The Republican gubernatorial ticket of Senate President David Williams and Agriculture Commissioner Richie Farmer plan to file their campaign papers at the Secretary of State’s office on Tuesday.
Since announcing their ticket in September, Williams and Farmer report raising $753,000 for the campaign, two-thirds of it at one colossal fundraiser in Lexington.
With a year head start, incumbent Democrat Steve Behear and running mate Jerry Abramson have raised about $3.5 million.
Republican Phil Moffett trails far behind both other campaigns with about $50,000 raised.
Williams has enjoyed the spotlight in recent weeks as he pushed through much of a legislative agenda:
David Williams and Senate Republicans Announce Agenda for 2011 Session
Serious government, pension & education reform, overhauling KY’s tax code top the list
(Frankfort) Senate President David Williams and the 23 members of the Republican caucus have announced their agenda for the upcoming session of the General Assembly. The legislation deals with a wide range of serious issues, including pension reform, the tax code, government transparency and reform, and state sovereignty.
“This is an agenda rooted in conservative values designed to improve our state. We will move on it quickly and make the upcoming session of the legislature productive on behalf of the people of Kentucky,” Williams said. “I am proud to serve with so many committed conservatives who have serious ideas to move Kentucky forward.”
SENATE REPUBLICAN “AGENDA FOR PROSPERITY”
• Neighborhood Schools and Voluntary Charter Schools. Williams and Sen. Dan Seum will sponsor legislation allowing children to attend neighborhood schools, which is especially important in Jefferson County. The legislation will also create voluntary charter schools in Kentucky to give parents, teachers, and local communities more options when deciding how best to educate students within the public school system. Kentucky lost out on millions of dollars in federal funding in 2010 because Gov. Steve Beshear failed to stand up to the teachers’ union that killed charter school legislation which had already passed the State Senate.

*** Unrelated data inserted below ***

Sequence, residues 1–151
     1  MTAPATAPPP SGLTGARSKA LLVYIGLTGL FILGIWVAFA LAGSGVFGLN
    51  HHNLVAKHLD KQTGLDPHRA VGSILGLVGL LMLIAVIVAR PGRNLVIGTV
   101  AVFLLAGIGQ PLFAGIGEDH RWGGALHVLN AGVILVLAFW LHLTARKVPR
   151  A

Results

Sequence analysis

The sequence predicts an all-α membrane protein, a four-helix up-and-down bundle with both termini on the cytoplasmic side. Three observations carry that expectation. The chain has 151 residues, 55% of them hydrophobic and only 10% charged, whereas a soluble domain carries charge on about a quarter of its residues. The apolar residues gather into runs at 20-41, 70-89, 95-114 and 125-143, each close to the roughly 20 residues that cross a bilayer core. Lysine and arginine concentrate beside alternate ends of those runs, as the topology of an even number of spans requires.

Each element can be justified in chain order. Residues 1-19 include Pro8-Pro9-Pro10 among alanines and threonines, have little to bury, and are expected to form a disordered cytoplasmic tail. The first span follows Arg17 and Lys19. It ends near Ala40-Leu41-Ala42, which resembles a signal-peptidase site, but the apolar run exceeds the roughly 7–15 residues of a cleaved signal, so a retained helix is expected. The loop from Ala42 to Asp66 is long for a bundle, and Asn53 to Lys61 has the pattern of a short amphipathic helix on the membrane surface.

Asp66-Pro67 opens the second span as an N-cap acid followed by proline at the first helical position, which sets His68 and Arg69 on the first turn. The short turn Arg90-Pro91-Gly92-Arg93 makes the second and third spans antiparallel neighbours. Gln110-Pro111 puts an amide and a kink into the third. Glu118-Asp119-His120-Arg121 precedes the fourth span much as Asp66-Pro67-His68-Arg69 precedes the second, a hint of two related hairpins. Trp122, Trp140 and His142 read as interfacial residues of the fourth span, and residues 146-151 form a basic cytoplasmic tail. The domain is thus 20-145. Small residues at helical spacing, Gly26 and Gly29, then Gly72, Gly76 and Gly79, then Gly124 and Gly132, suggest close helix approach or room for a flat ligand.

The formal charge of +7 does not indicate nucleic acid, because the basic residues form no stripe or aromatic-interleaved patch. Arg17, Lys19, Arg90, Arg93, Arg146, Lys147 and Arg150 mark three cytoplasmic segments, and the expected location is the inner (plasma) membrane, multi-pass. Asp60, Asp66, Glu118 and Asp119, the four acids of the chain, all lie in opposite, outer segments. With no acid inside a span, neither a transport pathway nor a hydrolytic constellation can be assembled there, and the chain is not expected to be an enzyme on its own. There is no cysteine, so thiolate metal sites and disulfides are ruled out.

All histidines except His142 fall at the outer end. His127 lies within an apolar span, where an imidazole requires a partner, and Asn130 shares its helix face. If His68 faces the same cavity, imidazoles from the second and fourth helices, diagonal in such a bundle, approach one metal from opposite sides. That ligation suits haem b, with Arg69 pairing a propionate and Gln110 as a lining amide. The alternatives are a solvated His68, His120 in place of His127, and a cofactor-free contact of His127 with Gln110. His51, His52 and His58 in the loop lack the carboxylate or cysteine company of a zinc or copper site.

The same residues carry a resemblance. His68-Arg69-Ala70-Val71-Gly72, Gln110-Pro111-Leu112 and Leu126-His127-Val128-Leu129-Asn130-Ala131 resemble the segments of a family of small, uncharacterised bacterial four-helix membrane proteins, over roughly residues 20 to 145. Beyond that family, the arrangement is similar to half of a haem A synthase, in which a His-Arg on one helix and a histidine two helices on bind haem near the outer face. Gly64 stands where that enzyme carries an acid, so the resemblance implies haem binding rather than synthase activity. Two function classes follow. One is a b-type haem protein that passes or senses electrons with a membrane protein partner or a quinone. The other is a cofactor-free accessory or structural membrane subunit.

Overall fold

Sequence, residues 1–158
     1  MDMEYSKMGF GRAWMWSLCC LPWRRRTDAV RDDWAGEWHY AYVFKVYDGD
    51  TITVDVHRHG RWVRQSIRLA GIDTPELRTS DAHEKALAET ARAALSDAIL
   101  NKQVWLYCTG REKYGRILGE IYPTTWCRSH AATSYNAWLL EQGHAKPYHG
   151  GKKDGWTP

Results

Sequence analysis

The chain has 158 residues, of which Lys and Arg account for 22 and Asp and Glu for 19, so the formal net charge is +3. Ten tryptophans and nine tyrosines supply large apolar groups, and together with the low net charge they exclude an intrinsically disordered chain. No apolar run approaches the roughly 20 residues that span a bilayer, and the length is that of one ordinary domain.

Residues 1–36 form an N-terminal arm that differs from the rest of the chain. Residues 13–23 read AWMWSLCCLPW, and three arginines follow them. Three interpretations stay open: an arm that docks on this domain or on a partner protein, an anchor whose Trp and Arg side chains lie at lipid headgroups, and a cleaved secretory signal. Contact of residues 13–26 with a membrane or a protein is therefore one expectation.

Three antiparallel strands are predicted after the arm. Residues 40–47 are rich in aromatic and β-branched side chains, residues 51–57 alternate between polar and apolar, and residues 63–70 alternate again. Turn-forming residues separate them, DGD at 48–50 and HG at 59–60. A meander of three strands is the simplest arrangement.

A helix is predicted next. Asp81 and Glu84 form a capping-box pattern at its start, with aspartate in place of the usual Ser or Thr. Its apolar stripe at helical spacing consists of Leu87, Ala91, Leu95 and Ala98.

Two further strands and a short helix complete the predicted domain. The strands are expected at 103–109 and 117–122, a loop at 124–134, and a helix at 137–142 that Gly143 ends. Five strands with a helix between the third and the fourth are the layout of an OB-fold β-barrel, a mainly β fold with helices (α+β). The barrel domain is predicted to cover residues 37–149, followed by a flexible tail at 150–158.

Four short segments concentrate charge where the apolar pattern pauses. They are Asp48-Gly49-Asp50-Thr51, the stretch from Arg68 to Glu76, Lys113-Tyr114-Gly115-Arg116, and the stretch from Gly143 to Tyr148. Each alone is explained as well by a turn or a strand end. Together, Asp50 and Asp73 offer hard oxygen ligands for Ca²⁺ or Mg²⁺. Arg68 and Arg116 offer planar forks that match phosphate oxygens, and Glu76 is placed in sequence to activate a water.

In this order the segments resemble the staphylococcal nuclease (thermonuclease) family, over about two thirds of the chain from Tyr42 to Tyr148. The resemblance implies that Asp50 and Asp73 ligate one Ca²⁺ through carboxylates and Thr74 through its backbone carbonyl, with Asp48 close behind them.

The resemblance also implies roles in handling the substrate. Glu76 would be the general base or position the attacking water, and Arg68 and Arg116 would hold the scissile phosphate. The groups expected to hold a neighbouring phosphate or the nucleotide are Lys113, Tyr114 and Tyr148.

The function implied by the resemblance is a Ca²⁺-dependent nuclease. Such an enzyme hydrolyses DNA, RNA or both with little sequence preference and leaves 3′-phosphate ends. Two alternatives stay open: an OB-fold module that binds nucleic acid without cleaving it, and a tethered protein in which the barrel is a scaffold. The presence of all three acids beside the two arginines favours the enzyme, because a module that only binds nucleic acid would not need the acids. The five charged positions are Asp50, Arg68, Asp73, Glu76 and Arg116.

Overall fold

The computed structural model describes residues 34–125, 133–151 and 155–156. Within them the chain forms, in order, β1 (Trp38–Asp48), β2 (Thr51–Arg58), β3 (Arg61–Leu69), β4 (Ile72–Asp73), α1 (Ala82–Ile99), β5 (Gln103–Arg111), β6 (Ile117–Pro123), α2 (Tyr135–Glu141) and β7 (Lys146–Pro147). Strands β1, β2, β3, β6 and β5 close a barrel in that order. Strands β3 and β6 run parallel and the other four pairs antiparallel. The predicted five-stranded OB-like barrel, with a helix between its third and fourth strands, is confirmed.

• Reforming Kentucky’s Anti-Growth Tax Code. Senate Republicans seek to get the ball rolling on meaningful tax reform by creating a commission made up of experts (economists, CPA’s, business leaders) who are charged with writing a new tax code that creates jobs and prosperity for Kentuckians. Sen. Williams believes our tax code is anti-growth and that other states have tax systems that make them more competitive. Williams believes Kentucky taxes productivity more than consumption and that such a system restrains job growth. This commission will write a new tax code and send it to the General Assembly by the end of 2011 that must be voted on up-or-down without amendment by legislators in the 2012 session; this will keep special interests from hacking up a plan that should create a level, pro-growth playing field. The goal is to unleash the potential of the people of Kentucky to prosper and create better lives for their families. While Williams and the Senate Republicans have successfully cut Kentucky’s income, property, and small business taxes in recent years, it is past time for a new system that will make restore Kentucky’s competitiveness.
• Improving the Budget Process. Lawmakers won’t pass another budget until 2012, but Senate Republicans believe the system by which the General Assembly passes a budget needs serious reform. The Senate GOP will offer legislation that would require a 48 hour window where legislators and citizens could review any bill that raises or spends tax dollars. The bill would be posted on the internet and given to legislators 48 hours before any vote is taken. The bill will also establish a more orderly timeline for the legislature to write the state budget so citizens have more opportunity to offer input on how their tax dollars are spent.